Okay, enough of my waffling. Let’s have some other points of view. First, here’s an hour-long presentation writer Lee Child gave on the subject of writing rules and why he doesn’t believe in them. (It’s in two parts; watch them in the order I’ve linked them.) In some literary circles, what he says here is blasphemy, and would be cause to have him burned as a heretic. That alone makes these videos worth watching. I don’t agree with everything he says, but I urge you to hear him out and give what he says some thought:

Next, I recommend Jeff Somers’ Unconventional Writing blog, similarly packed with MFA-defying heresies, couched in Jeff’s incomparable wit and charm with a dusting of profanity:

Writing Without Rules–Unconventional Tips for Writing the Wrong Way

Now it’s your turn. What do you think of writing rules? Agree with me? Disagree? Comment below!

6 thoughts on “Some Thoughts on Writing Rules

  1. AJ Blythe

    I totally agree with you that rules are good… unless they need to be broken =)

    Yet as an unpublished writer I do think it is harder to break the rules than if you are published. When you are one of hundreds in a slush pile and you start with a dream, waking up or driving somewhere I can’t imagine the agent will give your opening a chance, no matter how awesome it actually is.

    I also think rules have a place. Not necessarily literally, but because of what they teach. Don’t start with something that can bore the reader (waking up or the weather), keep it interesting (show don’t tell), keep the flow of dialogue easy to follow without distractions (‘said’ tag) and so on. I’ve learnt a lot by “learning the rules”. It doesn’t mean I agree with them, but the principles behind them make a lot of sense.

    1. cds Post author

      You make good points, AJ. My concern is that writers either a) spend too much time worrying about rules and not writing, or b) try so hard to adhere to the rules that their writing becomes stilted, and they lose their voice. I could be wrong, but I think even the most eagle-eyed agent will pass over adjectives and “telling” if they are sucked into a good story. And that’s what matters most.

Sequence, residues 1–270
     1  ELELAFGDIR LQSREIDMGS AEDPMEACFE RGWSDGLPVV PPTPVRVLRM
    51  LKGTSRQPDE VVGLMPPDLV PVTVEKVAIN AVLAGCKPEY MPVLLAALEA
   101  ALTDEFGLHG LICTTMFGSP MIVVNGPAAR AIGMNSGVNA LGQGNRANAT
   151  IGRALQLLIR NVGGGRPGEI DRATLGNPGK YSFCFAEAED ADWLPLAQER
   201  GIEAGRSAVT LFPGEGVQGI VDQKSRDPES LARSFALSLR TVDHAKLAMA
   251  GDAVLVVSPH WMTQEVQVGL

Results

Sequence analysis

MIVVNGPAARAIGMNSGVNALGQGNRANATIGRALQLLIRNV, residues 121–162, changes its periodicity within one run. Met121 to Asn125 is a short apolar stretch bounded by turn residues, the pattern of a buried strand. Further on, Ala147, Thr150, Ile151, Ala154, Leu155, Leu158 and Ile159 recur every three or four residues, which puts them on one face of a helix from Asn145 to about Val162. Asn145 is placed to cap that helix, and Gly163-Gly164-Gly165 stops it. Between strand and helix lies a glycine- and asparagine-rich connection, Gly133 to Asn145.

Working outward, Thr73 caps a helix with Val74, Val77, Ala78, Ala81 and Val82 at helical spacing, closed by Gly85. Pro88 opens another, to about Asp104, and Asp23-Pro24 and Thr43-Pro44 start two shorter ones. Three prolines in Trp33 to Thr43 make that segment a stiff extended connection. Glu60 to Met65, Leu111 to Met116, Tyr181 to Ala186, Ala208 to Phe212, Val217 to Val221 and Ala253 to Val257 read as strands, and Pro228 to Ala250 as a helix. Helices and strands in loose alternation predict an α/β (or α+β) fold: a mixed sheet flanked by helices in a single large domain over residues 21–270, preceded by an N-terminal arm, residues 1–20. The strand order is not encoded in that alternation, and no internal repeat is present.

2. John Davis Frain

    Great stuff, Colin. If there’s a vote afoot, I select YES to read more about writing tips. Can’t get enough of them, even I only follow half of them.

    I found the Lee Child piece very entertaining. But I surprised myself by how much I disagreed with. It felt good though, to disagree and have reason behind my thinking.

    First, learn the rules. Then, learn how (and when) to break them. As a writer, you’ll know when you get there. Kinda like you say how you’ll know a good sentence. Same logic.

    1. cds Post author

      Thanks for the vote, John! 🙂

      I guess I stand somewhere between you and Mr. Child, partly because I believe good writers (i.e., writers with some modicum of talent) will follow many of these “rules” intuitively. There are, for example, pianists who need sheet music to tell them if they’re playing a wrong note. And then there are those who may not be able to read notes, but can hear it. Which is why I don’t dismiss the “rules” as wrong, misguided, or useless. Rather, I call them guidelines, or “best practices,” and use them when necessary. Don’t get hung up over whether you’re showing or telling, just write your story the best way you know how.

      An example: I recently read a best selling author’s crime novel, and in it the author’s omniscient voice switched from one character’s POV to another’s and back again within the space of a few lines. It didn’t ruin my enjoyment of the story, and it didn’t cause me to throw the book across the room in disgust. My writerly mind noted it, smiled, and moved on. It’s possible if I hadn’t had so much exposure to the “rules,” I wouldn’t have given it a second thought. Which begs the question: was it bad because it broke a “rule,” or did it break a “rule” because it was bad? And if the former, then was it really bad in the first place?